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Analysis of amino acids by paper chromatography

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Introduction

Sumudu D L L6B Monday, October 21, 2002 Analysis of amino acids by paper chromatography Introduction- Proteins may be thought of natural polymers of amino acids, as the composition of proteins is of amino acids. The technique known as paper chromatography is used to separate amino acids for analysis. In this technique small spots of amino acids are introduced to a piece of porous filter paper. The bottom of the paper is then placed in a small bath of an appropriate solvent. The solvent is allowed to rise up the paper. The various amino acids are attracted to the paper to different degrees due to their differences in polarity. Various amino acids travel at different rates. The location of the amino acids can be determined by spraying the paper with a 2% solution of Ninhydrin in ethanol. The Ninhydrin forms a purple complex with an amino acid which is readily identified. Materials- Solutions of amino acids used are - Amino acid mixture 'X' Aspartic Acid Leucine Proline Asparagine Phenylalanine Solvent (ammonia and propan-2-ol in the ratio 2:1) ...read more.

Middle

All in all about six spots are sufficient. To speed up time a hair dryer can be used to dry the amino acids quicker. Do not use the same capillary for each--you will contaminate each spot with the previous substance. Use a different capillary for each solution (or use the capillary that was present in the solution). 4. The Paper rolled up and stapled is lowered into the jar inside the fume cupboard itself . The penciled end is lowered first so that the paper is upright in the jar. The bottom end should be 5mm into the solvent, thus keeping the line of origins above the solvent and the paper must not be touching the sides of the jar as much as possible. 5. The top of the jar must be replaced and the apparatus is left in the fume cupboard until the solvent has run up the chromatography paper. The amino acids will move up the paper by capillary action at different rates depending on their relative solubilities in the developing solvent. 6. The strip is best left overnight and then removed. ...read more.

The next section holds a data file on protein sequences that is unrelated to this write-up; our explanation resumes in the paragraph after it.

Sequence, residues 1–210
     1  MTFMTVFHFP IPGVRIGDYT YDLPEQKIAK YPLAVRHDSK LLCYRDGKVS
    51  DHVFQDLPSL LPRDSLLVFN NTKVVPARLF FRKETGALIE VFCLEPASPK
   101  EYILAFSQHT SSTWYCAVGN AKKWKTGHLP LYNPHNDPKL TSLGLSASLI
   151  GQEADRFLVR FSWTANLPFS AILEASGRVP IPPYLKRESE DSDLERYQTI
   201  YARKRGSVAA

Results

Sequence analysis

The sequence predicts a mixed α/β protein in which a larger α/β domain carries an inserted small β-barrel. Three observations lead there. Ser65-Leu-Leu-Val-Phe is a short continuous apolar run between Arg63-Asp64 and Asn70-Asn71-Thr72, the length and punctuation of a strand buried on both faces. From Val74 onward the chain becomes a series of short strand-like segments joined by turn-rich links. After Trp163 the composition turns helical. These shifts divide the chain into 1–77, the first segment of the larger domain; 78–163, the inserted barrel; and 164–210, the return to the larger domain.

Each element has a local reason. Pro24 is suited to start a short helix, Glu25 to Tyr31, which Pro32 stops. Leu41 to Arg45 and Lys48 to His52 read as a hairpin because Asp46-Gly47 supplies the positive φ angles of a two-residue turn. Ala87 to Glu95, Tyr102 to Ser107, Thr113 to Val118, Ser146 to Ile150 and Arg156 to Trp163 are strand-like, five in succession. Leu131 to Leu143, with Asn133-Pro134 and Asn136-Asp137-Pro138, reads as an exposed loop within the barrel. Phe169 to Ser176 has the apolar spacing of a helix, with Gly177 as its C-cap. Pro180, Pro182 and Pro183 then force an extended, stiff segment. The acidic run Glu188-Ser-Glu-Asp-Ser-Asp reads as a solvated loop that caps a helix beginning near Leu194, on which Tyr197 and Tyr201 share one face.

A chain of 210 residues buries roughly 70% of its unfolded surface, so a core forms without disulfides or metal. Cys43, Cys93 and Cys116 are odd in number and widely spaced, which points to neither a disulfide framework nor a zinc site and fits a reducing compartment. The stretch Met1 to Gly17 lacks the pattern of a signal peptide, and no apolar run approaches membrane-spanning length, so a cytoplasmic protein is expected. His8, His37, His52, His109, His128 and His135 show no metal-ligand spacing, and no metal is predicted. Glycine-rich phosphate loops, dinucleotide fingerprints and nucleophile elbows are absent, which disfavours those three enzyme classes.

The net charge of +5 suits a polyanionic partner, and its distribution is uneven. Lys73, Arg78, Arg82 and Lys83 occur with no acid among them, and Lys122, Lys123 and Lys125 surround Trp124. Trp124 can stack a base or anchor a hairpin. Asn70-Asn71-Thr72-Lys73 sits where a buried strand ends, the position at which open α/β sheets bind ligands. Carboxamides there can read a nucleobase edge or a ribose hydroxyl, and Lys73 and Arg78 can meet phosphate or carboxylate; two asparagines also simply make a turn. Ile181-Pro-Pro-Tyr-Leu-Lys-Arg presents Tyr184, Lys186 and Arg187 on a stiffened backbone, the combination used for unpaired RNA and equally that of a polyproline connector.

Conclusion

Phenylaline - 0.68 The figures obtained and the official figures are almost the same. Anomalies are however quite obvious here due to experimental error. The largest error probably came from the measurement of the stains as they were not spots but elongated stains. The amino acids were also dabbed on the origins with a large drop at times which probably added to the inaccuracy of the corresponding stains. Some stains were longer than usual, probably because the amino acids mixed. Other sources of error include the fact that the amino acid solutions may have been impure. Blow drying the amino acids may have interfered with the amino acids. The chromatography paper may have been a little The mixture X is found to contain Phenylalinine, proline, and aspartic acid. We know that X had Proline as there was a yellow section. Only Proline stains yellow. There was a similar stain(in shape and height) in x to that of aspartic acid therefore we know that aspartic acid was in X. There was also another stain in X of the same height and shape as Phenylaline so obviously this amino acid was also present in X. ...read more.

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